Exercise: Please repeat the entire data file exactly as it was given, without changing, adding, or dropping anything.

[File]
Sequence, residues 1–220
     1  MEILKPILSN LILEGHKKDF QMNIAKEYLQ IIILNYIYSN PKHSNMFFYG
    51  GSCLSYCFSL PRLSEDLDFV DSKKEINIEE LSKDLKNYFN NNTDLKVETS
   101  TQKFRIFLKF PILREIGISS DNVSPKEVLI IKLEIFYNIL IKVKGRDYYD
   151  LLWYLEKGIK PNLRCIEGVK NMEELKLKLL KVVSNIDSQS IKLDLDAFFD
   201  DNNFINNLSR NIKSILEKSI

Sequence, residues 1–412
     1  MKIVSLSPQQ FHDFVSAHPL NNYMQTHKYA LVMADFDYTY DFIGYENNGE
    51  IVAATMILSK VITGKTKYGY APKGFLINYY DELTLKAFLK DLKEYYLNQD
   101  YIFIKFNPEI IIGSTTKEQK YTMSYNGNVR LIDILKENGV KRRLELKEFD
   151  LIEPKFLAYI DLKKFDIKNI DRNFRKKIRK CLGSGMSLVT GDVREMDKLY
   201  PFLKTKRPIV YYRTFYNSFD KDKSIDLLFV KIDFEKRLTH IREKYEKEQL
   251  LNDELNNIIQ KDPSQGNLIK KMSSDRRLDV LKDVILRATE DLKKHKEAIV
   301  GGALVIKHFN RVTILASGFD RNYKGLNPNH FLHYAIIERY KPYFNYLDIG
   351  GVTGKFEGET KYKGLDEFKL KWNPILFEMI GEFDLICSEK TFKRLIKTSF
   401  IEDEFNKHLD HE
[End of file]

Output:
Sequence, residues 1–220
     1  MEILKPILSN LILEGHKKDF QMNIAKEYLQ IIILNYIYSN PKHSNMFFYG
    51  GSCLSYCFSL PRLSEDLDFV DSKKEINIEE LSKDLKNYFN NNTDLKVETS
   101  TQKFRIFLKF PILREIGISS DNVSPKEVLI IKLEIFYNIL IKVKGRDYYD
   151  LLWYLEKGIK PNLRCIEGVK NMEELKLKLL KVVSNIDSQS IKLDLDAFFD
   201  DNNFINNLSR NIKSILEKSI

Sequence, residues 1–412
     1  MKIVSLSPQQ FHDFVSAHPL NNYMQTHKYA LVMADFDYTY DFIGYENNGE
    51  IVAATMILSK VITGKTKYGY APKGFLINYY DELTLKAFLK DLKEYYLNQD
   101  YIFIKFNPEI IIGSTTKEQK YTMSYNGNVR LIDILKENGV KRRLELKEFD
   151  LIEPKFLAYI DLKKFDIKNI DRNFRKKIRK CLGSGMSLVT GDVREMDKLY
   201  PFLKTKRPIV YYRTFYNSFD KDKSIDLLFV KIDFEKRLTH IREKYEKEQL
   251  LNDELNNIIQ KDPSQGNLIK KMSSDRRLDV LKDVILRATE DLKKHKEAIV
   301  GGALVIKHFN RVTILASGFD RNYKGLNPNH FLHYAIIERY KPYFNYLDIG
   351  GVTGKFEGET KYKGLDEFKL KWNPILFEMI GEFDLICSEK TFKRLIKTSF
   401  IEDEFNKHLD HE